Commentary

Culture of Marriage Struggling in 2017: A Harbinger of Future Difficulties for America

Lynn Wardle
By Lynn Wardle | February 24, 2017 | 2:36 PM EST

(Wikimedia Commons/Jason Hutchens)

In America in 2017, the culture of marriage and marital families is struggling.  Such disintegration in the social status and respect accorded to marriage is a harbinger of future difficulties for America – and for American children in particular. 

For example, Census Bureau data shows that since 1960, the overall percentage of American men who are married has declined from 70 percent to 55 percent. Certainly, increased rates of divorce account for some of the decline, but the percentage of divorced men in 2016 was almost the same as it was in 1990 (under 10 percent).  Moreover, the percentage of American men who have never married has risen from 30 percent in 1990 to over 35 percnet in 2016.  The data on American women during the same period shows very similar patterns. 

The median age at first marriage for American men and women also has skyrocketed since about 1975 when it was about age 23 for men and 21 years for women. By 2016, the median age at first marriage was almost 30 years of age for men, and almost 28 years for women.  Both men and women are postponing marriage.

That represents a dramatic change.  For nearly a century, from 1890 to about 1990, the median age at first marriage had remained relatively stable at between 23-26 years for American men, and 20-22 years for American women. Since 1990, in just a quarter-century, the median ages at first marriage have risen nearly four years for both men and women. Thus, the median marriage age has risen much more for both men and women in the past quarter-century than in nearly the entire prior century. Clearly, contemporary American young adults are postponing and delaying marriage in almost unprecedented numbers and rates.

Today, in many contemporary societies and subcultures, marriage is considered by many to be merely one of many equally valid, equally legitimate, equally desirable lifestyle options.  In some subcultures, marriage has gone from having a status of high respect to being a less desirable or undesirable condition (due to loss of independence and the burdens of service that come with the marital duty of meeting the needs of others, such as spouse and children).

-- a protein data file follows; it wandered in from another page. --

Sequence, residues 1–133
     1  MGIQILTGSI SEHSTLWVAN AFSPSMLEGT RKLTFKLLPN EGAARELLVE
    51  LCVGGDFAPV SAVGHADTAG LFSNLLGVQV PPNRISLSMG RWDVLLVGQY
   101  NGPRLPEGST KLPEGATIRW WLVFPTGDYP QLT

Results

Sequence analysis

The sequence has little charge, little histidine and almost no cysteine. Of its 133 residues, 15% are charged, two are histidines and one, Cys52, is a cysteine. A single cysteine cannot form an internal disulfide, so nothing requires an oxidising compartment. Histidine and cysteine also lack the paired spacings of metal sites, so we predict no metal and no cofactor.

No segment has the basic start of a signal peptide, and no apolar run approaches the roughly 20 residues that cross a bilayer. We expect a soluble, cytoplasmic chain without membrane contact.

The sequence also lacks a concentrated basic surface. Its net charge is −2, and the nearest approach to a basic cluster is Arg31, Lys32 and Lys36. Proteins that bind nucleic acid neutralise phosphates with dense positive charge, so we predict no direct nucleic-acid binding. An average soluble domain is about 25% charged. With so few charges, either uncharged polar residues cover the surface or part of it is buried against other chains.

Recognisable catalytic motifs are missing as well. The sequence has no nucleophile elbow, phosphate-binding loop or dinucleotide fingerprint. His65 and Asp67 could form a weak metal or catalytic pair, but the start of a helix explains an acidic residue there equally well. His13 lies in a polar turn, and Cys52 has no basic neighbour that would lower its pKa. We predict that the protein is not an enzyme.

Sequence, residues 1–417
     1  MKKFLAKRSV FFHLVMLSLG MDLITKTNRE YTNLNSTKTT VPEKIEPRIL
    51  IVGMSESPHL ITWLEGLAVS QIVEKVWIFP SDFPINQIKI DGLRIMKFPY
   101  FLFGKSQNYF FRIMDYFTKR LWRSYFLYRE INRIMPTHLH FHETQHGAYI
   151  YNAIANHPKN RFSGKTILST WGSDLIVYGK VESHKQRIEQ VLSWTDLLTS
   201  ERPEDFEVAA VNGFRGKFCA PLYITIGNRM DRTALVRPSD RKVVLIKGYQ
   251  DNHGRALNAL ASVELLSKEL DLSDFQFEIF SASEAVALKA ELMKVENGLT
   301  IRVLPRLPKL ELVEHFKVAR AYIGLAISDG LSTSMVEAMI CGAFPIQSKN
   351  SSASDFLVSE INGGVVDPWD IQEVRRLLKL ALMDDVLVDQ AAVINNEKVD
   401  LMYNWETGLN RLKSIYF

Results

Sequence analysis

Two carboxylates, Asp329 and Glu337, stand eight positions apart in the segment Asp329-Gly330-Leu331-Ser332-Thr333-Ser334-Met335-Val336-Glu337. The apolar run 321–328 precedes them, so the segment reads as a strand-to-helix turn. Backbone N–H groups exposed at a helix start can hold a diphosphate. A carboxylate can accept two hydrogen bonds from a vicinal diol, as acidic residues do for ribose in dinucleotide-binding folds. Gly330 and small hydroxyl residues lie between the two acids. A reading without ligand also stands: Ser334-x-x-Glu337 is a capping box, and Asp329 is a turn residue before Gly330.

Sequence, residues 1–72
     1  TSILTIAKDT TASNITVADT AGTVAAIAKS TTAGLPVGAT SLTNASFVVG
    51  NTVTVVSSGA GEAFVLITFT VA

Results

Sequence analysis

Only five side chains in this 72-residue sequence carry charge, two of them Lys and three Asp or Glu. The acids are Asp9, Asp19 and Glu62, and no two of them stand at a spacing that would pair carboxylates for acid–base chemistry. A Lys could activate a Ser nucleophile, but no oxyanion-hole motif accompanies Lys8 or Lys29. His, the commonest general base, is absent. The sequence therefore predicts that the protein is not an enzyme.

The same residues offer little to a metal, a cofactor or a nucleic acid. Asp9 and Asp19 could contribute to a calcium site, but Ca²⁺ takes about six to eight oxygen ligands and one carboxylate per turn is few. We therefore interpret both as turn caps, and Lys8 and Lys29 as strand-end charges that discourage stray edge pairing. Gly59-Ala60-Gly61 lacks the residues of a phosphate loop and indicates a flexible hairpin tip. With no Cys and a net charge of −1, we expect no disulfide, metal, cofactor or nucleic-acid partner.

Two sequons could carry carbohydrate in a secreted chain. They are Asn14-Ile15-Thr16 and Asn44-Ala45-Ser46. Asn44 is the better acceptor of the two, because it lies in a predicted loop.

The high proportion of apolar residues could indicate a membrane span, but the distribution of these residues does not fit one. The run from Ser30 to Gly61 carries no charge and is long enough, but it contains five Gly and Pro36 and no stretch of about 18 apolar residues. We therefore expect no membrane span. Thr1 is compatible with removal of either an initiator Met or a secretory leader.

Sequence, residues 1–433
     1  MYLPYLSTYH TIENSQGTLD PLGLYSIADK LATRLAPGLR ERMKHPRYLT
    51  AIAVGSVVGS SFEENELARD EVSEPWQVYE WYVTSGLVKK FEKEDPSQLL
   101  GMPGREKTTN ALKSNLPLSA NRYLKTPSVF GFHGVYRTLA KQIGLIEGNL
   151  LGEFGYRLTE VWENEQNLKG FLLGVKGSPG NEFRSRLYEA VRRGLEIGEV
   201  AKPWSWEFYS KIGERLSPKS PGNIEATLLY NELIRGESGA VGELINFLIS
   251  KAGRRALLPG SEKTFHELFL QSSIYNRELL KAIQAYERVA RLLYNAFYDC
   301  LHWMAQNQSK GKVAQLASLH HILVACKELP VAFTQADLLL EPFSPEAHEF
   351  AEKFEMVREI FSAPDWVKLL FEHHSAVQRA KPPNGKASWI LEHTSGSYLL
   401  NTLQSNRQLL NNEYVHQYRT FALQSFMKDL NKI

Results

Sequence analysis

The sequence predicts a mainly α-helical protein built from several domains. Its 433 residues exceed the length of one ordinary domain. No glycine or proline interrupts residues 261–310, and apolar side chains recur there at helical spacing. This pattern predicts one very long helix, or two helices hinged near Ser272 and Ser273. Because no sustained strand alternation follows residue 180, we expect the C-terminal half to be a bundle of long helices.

In many ways, it seems that marriage is losing social status, and popular respect for marriage seems to be dwindling in America. For many persons, marriage has gone from being considered a marker of maturity, responsibility, and a respectable status to being a burdensome condition to be avoided for as long as possible.

As the status of marriage declines, the number and rates of marriages drop, the timing of marriages is delayed, and the rate of non-marital births and childrearing rises.  Over time, that results in more children being born and raised in the more difficult, disadvantaged circumstances outside of marital families. That also results in more unstable adult intimate relationships, more domestic violence, more personal distress for adults, and (especially) more suffering for children.

By unduly delaying marriage and engaging in sexual relations out of marriage, the burdens and impediments of non-marital sexual relations and childrearing are passed on to the next generation.  Our children and grandchildren and on for three or four generations carry the stigma and the disadvantages bequeathed to them by parents and ancestors who avoided marriage. 

Of course, the United States is not alone in this plight.  Many other affluent, liberal-democratic nations are experiencing a crisis in the declining status, strength, reputation and integrity of marriage and marital families.  Nonmarital sexual relations, nonmarital cohabitation, and nonmarital childbearing are increasing significantly as the results of postponed marriage.

Sadly, research confirms that the deterioration of the social status and desirability of marriage and marital family life are harbingers of future problems and distress for individuals (especially for children), as well as of chaos for families and societies.  It behooves the current generations of American adults to identify strategies and initiate palliative actions which might revive and restore a culture of marriage in contemporary American society.  We can only rebuild a family-friendly nation by making marriage great again!

Lynn D. Wardle is the Bruce C. Hafen Professor of Law at Brigham Young University.  He is author or editor of numerous books and law review articles mostly about family, biomedical ethics and conflict of laws policy issues. His publications present only his personal (not institutional) views.

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